Lemon “curd” is not a glorious name, but the taste is certainly glorious!  It took some searching to find such a luscious lemon curd.  King Arthur Flour has a super easy recipe for microwave curd and I had made that and thought it was fine.  But I had read that adding the butter after cooking the curd makes it silky smooth.  Very true!  After making this recipe I can never go back to the microwave lemon curd.  This is so good, it can be eaten with a spoon straight out of the bowl.  Just the right amount of tart and sweet, this is the best!

A friend wanted lemon blueberry cake for her wedding so I had to do some research and testing.  I had made a good lemon mousse for one trial cake.  While the lemon mousse was just the right texture and thickness, the lemon curd base wasn’t so good that I could eat it plain.  So I searched some more and found this one.  For the wedding cake, I made sponge cake and brushed lemon syrup into the layers, then put a blueberry sauce topped with lemon curd and whipped cream on each layer.  Since it was for a wedding, we needed the frosting to be one that would hold up well for hours, as well as tinted gray.  We frosted all the tiers with a white chocolate cream cheese buttercream.  Normally, I would frost a lemon blueberry cake with plain or lemon whipped cream.  

To make this curd into a lemon mousse it does need to be stabilized and thickened with gelatin in the whipped cream.  Some curds are so thick that gelatin is not necessary, but this is a little less thick.  Next time I make lemon mousse, I will pay attention to how I do that so as to have instructions.  When we were making the wedding cakes it got a little crazy and I do not remember what I did!  It all turned out even though I was very afraid it was going to fall apart.

This recipe comes from the internet but is adapted from Rose Levy Berenbaum’s recipe from The Cake Bible and from Alton Brown’s recipe on FoodNetwork.com.  The website is WickedGoodKitchen.com.  I had searched through all my cookbooks and then searched for “best lemon curd” on Google and found this one that has butter added last.  Wicked Good Kitchen looks like it has some other great recipes that I want to try too.  The page about making lemon curd has a list of uses for curds, such as spreading on bagels, biscuits or scones, and using as a filling with cakes and cookies.  It also makes a great filling for meringue shells, then topped with berries and whipped cream.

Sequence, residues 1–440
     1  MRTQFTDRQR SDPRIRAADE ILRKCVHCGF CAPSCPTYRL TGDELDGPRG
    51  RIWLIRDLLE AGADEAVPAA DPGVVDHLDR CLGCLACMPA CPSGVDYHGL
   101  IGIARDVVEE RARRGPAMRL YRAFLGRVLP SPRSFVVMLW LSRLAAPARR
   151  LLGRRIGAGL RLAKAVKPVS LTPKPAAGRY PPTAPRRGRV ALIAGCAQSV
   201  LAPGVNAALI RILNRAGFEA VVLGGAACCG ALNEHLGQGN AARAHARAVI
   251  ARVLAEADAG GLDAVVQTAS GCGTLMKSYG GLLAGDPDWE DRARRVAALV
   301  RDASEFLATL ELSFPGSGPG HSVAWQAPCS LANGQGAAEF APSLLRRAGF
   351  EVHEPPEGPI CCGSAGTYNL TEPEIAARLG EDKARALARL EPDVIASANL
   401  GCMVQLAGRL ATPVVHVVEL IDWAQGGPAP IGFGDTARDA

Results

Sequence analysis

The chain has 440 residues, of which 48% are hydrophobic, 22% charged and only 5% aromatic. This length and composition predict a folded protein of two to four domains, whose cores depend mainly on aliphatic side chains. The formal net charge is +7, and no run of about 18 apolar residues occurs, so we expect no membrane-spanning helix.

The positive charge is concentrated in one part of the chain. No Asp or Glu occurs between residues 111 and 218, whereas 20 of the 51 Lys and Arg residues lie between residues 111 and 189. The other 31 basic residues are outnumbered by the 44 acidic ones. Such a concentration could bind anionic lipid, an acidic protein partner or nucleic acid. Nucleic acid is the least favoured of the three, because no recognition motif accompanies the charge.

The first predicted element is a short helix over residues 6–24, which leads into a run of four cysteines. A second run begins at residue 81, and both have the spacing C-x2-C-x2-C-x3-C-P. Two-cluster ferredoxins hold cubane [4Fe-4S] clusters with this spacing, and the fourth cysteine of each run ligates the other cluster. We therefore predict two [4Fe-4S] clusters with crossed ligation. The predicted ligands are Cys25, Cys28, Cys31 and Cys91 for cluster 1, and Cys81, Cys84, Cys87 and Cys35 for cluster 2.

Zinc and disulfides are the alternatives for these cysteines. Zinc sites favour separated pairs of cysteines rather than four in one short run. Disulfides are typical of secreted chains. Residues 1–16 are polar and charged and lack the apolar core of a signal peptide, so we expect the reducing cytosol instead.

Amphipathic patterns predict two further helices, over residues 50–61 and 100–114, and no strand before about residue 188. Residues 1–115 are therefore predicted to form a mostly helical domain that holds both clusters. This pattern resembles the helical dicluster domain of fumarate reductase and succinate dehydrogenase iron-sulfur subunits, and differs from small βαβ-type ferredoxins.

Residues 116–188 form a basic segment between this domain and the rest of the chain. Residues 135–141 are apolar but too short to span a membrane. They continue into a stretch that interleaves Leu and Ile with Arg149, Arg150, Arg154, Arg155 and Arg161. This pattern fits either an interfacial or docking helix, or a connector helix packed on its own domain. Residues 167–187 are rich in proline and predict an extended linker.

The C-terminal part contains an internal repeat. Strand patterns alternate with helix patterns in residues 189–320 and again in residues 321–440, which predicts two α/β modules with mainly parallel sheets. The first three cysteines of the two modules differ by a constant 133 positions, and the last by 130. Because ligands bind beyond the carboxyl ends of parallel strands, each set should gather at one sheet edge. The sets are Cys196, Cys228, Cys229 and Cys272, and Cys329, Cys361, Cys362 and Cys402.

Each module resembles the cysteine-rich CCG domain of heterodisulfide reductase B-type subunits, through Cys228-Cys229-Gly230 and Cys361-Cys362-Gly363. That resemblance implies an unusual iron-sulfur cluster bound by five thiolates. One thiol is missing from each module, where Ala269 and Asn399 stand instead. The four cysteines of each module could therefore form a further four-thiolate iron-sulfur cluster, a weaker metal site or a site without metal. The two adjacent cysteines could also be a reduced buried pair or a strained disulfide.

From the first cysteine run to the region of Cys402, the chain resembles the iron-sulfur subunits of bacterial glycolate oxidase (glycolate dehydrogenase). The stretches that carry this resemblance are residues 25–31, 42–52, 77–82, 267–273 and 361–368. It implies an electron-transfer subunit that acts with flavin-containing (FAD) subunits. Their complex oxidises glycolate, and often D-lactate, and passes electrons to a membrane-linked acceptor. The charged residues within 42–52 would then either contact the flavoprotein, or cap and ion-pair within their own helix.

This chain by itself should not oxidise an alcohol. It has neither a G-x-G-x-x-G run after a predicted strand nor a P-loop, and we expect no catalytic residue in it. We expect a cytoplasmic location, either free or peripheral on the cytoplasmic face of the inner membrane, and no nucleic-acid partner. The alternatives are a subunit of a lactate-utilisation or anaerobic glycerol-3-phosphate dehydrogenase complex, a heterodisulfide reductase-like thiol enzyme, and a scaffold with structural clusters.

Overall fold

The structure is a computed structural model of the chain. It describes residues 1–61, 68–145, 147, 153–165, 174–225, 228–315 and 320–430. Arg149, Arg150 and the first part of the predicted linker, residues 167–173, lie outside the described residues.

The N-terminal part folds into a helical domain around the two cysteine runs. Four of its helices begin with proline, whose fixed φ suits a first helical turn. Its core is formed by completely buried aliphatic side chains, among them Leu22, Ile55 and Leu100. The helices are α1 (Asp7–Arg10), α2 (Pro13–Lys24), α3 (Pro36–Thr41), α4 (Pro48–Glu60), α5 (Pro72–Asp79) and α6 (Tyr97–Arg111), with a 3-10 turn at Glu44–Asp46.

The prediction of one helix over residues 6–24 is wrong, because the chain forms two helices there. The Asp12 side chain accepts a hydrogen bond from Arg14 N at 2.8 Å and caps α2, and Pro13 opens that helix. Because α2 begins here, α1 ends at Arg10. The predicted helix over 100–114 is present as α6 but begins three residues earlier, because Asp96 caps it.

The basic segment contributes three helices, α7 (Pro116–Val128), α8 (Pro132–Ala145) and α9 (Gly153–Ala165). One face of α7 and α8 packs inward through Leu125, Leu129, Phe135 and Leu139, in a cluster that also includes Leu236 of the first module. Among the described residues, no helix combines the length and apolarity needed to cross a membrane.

Best Homemade Lemon Curd

  • 7 to 8 large egg yolks (about 130 grams without shells)
  • 1 3/8 cups granulated sugar (275 grams) {1 cup + 6 tablespoons}
  • 4 1/2 fluid ounces freshly squeezed lemon juice (4 large lemons) (about 133ml)
  • pinch of kosher or sea salt
  • 1 tablespoon finely grated lemon zest (6 grams) {or use lemon oil, a few drops to 1/8 teaspoon}
  • 1/2 cup chilled unsalted butter, cut into pats (1 stick/113 grams) {if you only have salted butter, leave out the salt}


Add an inch or so of water to the bottom pan of a double boiler set or to a medium saucepan.  Bring water to a simmer over medium-high heat.  In a medium sized metal or glass bowl or the insert top pan of a double boiler set, beat yolks and sugar together with a whisk until smooth and well blended, about one minute.  (Mixture may be very thick at first, but just keep whisking.)  Add lemon juice and salt; whisk until smooth.

Once the water reaches a simmer, reduce heat to low and place bowl over saucepan or top pan into double boiler.  Do not allow the water to touch the bottom of the bowl or it could scorch and curdle the mixture.  Cook, whisking constantly until thickened, about 20 to 25 minutes.  The mixture will change from translucent to an opaque light yellow color and will coat the back of a wooden spoon yet still be liquid enough to pour.  Do not allow the mixture to boil or it will curdle.  (The temperature of the curd should be 170° F.)

Remove promptly from the heat and immediately whisk in lemon zest or lemon oil.  Add butter gradually, one piece at a time, whisking well to combine.  Allow each addition of butter to melt completely before adding more.  If straining (optional, to remove lemon zest or any coagulated egg) for a smooth curd, strain at once into a medium bowl and press strainer with the back of a spoon or rubber spatula until only the coarse residue remains.  Discard residue.

Allow curd to cool; cover by placing plastic wrap directly on top of surface.  The curd will continue to thicken further upon resting and chilling.  Transfer to airtight container and refrigerate.

Yields 2 1/4 cups.  Lasts up to two weeks in the refrigerator.


Before juicing lemons, heat fruit for 10 seconds in the microwave on high power.  Roll lemons on work surface, pressing lightly on fruit.  This will release a greater amount of juice.

To prevent curdling, be sure to blend the sugar well with the yolks before adding the lemon juice.

If using a metal bowl, make sure it is non-reactive (non-aluminum).  Otherwise the aluminum will react with the yolks and turn them a green color.

I like to add a little limoncello liqueur to any lemon desserts.  One tablespoon added either with the lemon zest or after the butter would be good.


Lemon Curd with Pavlova

Glorious Lemon Curd

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